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Code Switching Annotated Article

In: English and Literature

Submitted By collegegal17
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Before I started my research in Code-Switching, I had very little knowledge of what code switching actually was. Through my research, I came to find that code means language; switching means alternating between. Right as I started my research, I started to notice that authors spell “code switching” in different ways. For example, they use it as two words, with a hyphen between them, or as one word. The different ways to spell code switching is a perfect example of the meaning of the word/s itself. Switching languages can mean a variety of things. As the articles I annotate below indicate, language switching can occur without notice, between dialects of a language, between different languages, and so on. Due to its broadness, it is important to focus on a topic of interest when researching code switching. I decided to focus on the advantages and benefits that Code Switching provides.
The articles I reviewed give reasons why code switching happens, and some articles present many explanations. However, the main reasons as put forth by Arnfast and Jorgensen (2003), imitate the three main reasons that code switchers give for using their skill. These reasons are: to fill in linguistic gaps for words, acquisition or maintenance of social power, and social acceptance. After much research and by reading several studies of these approaches, I came to the conclusion that code switching is used rarely for one purpose. It is also doubtful that the users are completely aware of all the reasons that they switch code.
Through my research, I interviewed four of my fellow teacher co-workers, as well as two of the professors at Northeastern Illinois University. During my interview, I asked them a series of questions regarding their experiences with students who are able to code switch. These questions were: What do you know what Code Switching means? Given the brief explanation, what are your thoughts on code switching? Do you think code switching is an advantage or disadvantage? Do you think you have ever code switched? Would you incorporate code switching in your classroom? The answers that I received mostly correlated with each other.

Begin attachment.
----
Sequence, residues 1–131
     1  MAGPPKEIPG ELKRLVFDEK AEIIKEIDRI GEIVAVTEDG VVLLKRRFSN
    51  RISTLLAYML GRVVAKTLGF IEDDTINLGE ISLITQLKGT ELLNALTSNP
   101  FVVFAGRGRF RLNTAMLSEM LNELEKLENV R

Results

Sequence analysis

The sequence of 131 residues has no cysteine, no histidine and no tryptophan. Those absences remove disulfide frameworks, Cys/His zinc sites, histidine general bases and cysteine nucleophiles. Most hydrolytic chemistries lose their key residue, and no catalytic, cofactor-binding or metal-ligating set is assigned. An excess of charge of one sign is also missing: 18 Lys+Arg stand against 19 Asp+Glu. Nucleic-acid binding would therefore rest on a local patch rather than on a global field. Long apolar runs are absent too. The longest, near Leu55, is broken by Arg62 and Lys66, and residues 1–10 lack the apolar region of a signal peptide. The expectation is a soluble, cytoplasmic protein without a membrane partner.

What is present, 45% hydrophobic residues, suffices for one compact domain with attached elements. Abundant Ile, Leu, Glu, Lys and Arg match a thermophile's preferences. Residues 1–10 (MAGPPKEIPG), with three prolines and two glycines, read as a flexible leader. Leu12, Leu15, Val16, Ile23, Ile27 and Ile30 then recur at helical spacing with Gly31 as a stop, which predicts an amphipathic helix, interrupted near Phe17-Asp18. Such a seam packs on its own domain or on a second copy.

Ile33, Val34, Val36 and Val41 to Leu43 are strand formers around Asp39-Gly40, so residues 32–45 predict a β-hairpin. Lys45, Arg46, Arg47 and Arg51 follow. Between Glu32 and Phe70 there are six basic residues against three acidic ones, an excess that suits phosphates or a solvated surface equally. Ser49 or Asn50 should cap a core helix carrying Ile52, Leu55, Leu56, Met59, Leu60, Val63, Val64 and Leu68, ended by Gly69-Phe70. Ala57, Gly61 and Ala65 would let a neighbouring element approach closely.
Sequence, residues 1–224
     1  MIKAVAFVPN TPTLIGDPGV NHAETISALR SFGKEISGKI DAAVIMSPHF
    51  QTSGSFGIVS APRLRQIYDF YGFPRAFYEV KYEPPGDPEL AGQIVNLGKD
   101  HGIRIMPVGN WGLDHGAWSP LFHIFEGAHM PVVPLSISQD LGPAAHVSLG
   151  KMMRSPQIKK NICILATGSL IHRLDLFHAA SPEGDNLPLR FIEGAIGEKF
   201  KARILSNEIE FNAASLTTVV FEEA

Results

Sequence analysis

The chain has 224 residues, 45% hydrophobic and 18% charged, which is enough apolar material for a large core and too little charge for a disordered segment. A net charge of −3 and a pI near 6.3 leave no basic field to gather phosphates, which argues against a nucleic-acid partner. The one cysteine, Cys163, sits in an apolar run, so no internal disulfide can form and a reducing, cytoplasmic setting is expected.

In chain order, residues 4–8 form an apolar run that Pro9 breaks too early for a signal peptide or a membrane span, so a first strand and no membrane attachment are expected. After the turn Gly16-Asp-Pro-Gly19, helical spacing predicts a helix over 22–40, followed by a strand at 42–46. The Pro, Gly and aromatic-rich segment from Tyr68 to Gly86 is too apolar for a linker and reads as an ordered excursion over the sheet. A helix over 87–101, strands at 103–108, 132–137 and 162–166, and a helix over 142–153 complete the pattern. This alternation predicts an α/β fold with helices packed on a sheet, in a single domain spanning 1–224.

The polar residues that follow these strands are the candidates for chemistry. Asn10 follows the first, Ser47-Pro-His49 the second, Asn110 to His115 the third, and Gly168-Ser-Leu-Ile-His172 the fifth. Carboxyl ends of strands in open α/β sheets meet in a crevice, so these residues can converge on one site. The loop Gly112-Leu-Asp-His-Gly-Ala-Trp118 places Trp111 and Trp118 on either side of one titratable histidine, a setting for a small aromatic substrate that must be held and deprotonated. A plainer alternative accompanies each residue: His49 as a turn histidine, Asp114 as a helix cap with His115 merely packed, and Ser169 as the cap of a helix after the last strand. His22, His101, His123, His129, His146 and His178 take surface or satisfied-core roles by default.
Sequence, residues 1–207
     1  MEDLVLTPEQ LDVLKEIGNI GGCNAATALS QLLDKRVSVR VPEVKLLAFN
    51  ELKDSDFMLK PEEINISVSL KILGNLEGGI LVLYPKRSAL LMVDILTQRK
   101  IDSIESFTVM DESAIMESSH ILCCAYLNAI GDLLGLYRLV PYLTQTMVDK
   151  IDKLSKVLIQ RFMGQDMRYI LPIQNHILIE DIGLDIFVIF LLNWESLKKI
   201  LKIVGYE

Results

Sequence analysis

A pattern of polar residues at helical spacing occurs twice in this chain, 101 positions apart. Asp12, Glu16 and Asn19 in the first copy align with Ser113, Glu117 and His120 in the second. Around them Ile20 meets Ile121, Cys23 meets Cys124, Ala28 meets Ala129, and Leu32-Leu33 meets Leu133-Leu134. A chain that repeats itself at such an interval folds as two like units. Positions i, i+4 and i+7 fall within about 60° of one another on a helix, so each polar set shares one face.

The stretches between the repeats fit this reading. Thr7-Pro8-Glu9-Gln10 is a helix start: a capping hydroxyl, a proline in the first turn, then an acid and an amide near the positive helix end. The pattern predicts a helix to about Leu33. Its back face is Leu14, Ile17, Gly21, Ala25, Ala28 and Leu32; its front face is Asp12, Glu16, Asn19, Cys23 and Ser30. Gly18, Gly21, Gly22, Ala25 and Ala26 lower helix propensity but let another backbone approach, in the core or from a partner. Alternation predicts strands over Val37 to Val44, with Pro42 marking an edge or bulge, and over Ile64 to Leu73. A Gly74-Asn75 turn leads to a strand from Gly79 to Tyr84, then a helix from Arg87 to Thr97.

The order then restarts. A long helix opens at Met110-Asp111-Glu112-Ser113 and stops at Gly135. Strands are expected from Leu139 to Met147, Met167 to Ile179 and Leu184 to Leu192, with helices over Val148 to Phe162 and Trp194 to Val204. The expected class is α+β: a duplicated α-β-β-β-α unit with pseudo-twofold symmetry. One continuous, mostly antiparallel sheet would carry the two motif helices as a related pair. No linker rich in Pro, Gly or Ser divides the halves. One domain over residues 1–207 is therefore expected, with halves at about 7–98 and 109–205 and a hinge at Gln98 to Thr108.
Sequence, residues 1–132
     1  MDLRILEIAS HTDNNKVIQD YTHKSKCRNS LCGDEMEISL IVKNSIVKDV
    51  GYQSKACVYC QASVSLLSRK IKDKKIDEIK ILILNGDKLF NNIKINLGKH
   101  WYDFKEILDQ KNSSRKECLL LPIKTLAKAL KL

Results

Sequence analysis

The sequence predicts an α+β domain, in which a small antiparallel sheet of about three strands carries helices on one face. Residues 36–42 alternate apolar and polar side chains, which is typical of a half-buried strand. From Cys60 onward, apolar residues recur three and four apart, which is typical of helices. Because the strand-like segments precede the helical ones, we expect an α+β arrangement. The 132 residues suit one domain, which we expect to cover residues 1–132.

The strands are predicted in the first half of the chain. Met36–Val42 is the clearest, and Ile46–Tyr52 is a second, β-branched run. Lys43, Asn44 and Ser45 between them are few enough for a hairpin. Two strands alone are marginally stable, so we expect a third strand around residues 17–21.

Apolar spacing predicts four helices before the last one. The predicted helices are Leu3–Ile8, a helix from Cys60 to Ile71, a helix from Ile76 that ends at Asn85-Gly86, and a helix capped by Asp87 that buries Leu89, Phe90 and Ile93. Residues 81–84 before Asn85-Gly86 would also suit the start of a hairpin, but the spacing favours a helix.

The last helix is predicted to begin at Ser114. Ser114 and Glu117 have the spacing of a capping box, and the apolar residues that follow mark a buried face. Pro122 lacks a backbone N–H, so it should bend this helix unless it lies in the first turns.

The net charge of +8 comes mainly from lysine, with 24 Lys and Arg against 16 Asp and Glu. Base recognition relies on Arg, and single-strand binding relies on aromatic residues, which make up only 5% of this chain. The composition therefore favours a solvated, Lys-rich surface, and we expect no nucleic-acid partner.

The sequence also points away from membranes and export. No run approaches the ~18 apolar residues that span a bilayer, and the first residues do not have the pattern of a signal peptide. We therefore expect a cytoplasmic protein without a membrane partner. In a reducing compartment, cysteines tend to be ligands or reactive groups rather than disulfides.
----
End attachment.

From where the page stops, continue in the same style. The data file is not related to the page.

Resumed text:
My co-workers were not very familiar with code switching. Their thoughts on code switching were that it was the same as being bilingual just with more depth as it can be used for more than just language. They mostly felt that code switching was an advantage, with the exception of one teacher who felt that code switching was a confusing concept. They all agreed that felt that they code switched when parents would leave the room after dropping off and picking up their children-their dialect would change from professional to casual when the parents left the classroom. With the exception of one, my co-workers expressed how using code switching in their classroom would actually be more beneficial to the kids, especially those that speak two or more languages at home. The NEIU professors were familiar with the concept of code switching. Their thoughts were that code switching has many layers. They feel that they code switch when they are outside of the NEIU facility. And finally, they felt that code switching was very complex, and they would be hesitant to incorporate it into their classrooms. Their thoughts are very much at match with my own. I feel that code switching is beneficial to younger aged students as they go through the process of learning English, especially if these students come from a multilingual background. Their knowledge of words can help them better understand the English language.
Callahan, Laura. (2004). Spanish/English Codeswitching in a written corpus. Philadelphia: John Benjamins Publishing Co.
Callahan’s first chapter, “Codeswitching: Form and function”, is an excellent basic introduction to code switching. It is very useful for anyone interested in starting to learn about the subject. She talks about borrowing and code switching in languages, and the debates around those issues. The differences between metaphorical, situational, and conversational code switching are explained. She also includes a sociolinguistic analysis of code switching. She shows relatively detailed knowledge of language and grammar based upon some of the subjects discussed. She further explains that Bilingualism enables minority speakers to take in the benefits of majority code speakers. One of the issues of code switching is that individuals who engage in it may be rejected by majority and minority code purists. Also, many outsiders assume incorrectly that since an individual may belong to a minority culture, they automatically speak the minority code. This is often not the case though, as there are many minorities who speak only, or primarily, the majority code. The author claims that the act of code switching dismisses both English and Spanish monolingualism.
Alvarerz-Cáccamo, Celso. (1998). From ‘switching code’ to ‘code-switching’. In Peter Auer(Ed.), Code-switching in conversation: Language, interaction and identity (pp. 22-48). New York: Routledge.
This article provides a historical analysis and a discussion of the evolution of code switching. Alvararez-Cáccamo also discusses ways code switching has been applied in the past. He emphasizes “a clearer conceptual distinction between ‘linguistic variety’ in its broadest sense and ‘communicate code’ is crucial for explaining conversational conduct” (30). This article helps make it clear that there are so many different aspects of code switching to find, compare, and explore.